Of course, I’ve no idea how it ended up as part of a bank sale, or why the auction price was so much lower than other sale properties on the block? That a house in Warwick Hills could be at sale as part of a bank auction just underscored how times had changed in Flint and Genesee County .

So there was our house on a bank auction site. In the accompanying picture, the lawn looks as if it hasn’t been mowed for a while. The roof has been redone and altered by removing a vent/skylight that let sunlight into the front family room. Otherwise, the house is a ghost image of what I knew as a child and seemingly as solid as when my father had it built and when we live there. On a Flint area realty site, I saw some interior pictures taken for the sale. Some of the rooms had been altered, hard wood floors had replaced the wall-to-wall carpeting that was a must have for all upwardly mobile homeowners in the 1960s and '70s. There were crown moldings where before the rooms were once decidedly mid-century modern. They were also empty and devoid of my mother’s taste and decorating influence.

The auction site’s encouraged potential bidders to bring some “sparkle” back to the property. All the sparkle, however, seems long gone.


  1. Thanks for sharing the memories--as hard as it is. I was saddened to see bars on the windows of my old house at 2913 Mallery. Not the same. Nope, not the same.

  2. Your story is moving, but the memories you have remain. It must've be difficult to see. The house I grew up in on the north side was sold in 1990 for $8,000 less than the house was purchased for in 1960. Every house on the cute, tree-lined street how has bars, and the kids that once played non-stop in the street are now gone. I live in Europe now, and try to tell my friends here what a special place I grew up in, but it rings hollow. I can't explain how the American dream came to such an ignominious end. Hang in there Graydon.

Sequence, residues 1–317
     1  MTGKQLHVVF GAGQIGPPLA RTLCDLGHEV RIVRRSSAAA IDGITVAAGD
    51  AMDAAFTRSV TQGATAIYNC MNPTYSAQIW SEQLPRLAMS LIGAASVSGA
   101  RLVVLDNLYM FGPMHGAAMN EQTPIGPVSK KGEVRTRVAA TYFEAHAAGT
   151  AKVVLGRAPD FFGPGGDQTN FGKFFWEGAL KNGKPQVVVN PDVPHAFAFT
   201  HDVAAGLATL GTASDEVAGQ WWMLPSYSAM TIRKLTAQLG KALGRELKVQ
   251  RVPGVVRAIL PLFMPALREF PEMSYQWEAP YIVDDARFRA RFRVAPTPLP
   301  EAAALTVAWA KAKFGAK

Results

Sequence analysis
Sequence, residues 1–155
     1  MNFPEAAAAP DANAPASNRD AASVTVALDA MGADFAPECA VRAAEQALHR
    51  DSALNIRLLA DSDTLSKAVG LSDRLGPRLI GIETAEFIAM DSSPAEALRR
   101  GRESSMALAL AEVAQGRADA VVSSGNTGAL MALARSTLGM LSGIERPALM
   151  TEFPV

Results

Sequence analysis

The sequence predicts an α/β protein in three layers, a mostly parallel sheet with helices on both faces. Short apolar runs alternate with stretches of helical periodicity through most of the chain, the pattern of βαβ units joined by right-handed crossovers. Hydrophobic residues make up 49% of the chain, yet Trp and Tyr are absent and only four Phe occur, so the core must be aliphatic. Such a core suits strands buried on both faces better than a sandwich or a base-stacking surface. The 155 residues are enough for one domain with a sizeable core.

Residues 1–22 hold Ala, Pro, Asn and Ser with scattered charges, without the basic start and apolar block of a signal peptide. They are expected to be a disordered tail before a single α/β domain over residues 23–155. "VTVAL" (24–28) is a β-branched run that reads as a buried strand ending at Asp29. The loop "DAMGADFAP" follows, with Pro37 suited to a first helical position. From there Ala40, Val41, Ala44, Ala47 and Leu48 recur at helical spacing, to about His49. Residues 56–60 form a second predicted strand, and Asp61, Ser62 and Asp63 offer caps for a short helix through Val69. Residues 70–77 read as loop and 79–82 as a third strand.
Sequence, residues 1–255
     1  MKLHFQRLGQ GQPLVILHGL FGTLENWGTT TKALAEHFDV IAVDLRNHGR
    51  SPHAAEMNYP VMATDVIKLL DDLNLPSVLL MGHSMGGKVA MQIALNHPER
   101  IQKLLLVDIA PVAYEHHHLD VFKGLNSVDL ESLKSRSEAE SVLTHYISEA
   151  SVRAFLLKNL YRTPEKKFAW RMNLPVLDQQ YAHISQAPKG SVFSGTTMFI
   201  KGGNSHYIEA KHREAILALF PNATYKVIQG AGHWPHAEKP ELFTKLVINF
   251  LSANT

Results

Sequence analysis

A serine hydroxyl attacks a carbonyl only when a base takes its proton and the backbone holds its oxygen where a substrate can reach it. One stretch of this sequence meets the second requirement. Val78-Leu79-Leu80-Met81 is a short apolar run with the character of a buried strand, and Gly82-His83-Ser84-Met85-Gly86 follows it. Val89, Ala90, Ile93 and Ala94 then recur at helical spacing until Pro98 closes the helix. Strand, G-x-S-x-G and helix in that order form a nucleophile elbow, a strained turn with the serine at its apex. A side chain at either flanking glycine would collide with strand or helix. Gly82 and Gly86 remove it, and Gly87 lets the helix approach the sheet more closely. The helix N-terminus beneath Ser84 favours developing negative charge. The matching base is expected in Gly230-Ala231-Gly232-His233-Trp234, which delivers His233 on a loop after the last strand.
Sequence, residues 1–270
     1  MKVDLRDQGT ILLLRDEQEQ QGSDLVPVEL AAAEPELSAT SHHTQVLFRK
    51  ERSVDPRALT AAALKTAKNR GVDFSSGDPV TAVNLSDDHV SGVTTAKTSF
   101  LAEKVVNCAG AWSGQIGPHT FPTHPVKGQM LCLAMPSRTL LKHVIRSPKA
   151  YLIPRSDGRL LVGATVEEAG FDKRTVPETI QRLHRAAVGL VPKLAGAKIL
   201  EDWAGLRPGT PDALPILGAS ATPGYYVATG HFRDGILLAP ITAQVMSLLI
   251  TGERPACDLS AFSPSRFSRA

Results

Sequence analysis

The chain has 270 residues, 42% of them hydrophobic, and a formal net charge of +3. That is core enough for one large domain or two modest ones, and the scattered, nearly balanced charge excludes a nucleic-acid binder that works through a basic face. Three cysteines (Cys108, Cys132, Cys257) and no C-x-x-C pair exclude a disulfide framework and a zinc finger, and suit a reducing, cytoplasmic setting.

3. This makes me wonder what the situation is in Warwick Hills. Graydon's old home is very close to the golf course. Anyone know if this foreclosure is an anomaly or if there are other examples in that area?

  4. There have been others. Some friends just purchased a home in Warwick for $180,000 less than appraissal..Sad times..

  5. Here's the property tax information on the home:

    It was purchased in October 2009 by Mark R. Hope of Grand Blanc for $99K, most likely in a foreclosure sale.

    There's more info on Zillow:

    It was listed for sale on March 20, 2010 for $219K. Price dropped to $204K on April 9, then to $199 on May 9.

  6. At least your old house is still in good shape. Many people who grew up in Flint may have their childhood homes torn down. Now that is heart breaking!

  7. Earth(Flint) to Warwick Hills. You want us to feel sorry for you. The Warwick Hills people who were to good for the regular lower people of Flint. Why try to be a former Flint person now. You were not one then, and you are not one now. If this does not fit you, I appoligize. However, you would be one of the few.

  8. I know of one guy in Grand Blanc who can't sell, so is renting. This is one of the newer houses that were built.

  9. My wife & I recently rode our bikes through Kings Pointe, another upper middle class Grand Blanc subdivision. Every street had at least one or two for sale signs or foreclosure notices. The unmowed lawns were always the first tip off.

  10. Just to clarify, I checked in with the listing agent on the house on Rolling Green Drive. It was in foreclosure last fall. It's now owned by Mark R. Pope, according to the Grand Blanc tax info, and is unoccupied.


Thanks for commenting. I moderate comments, so it may take a while for your comment to appear. You might enjoy my book about Flint called "Teardown: Memoir of a Vanishing City," a Michigan Notable Book for 2014 and a finalist for the 33rd Annual Northern California Book Award for Creative NonFiction. Filmmaker Michael Moore described Teardown as "a brilliant chronicle of the Mad Maxization of a once-great American city." More information about Teardown is available at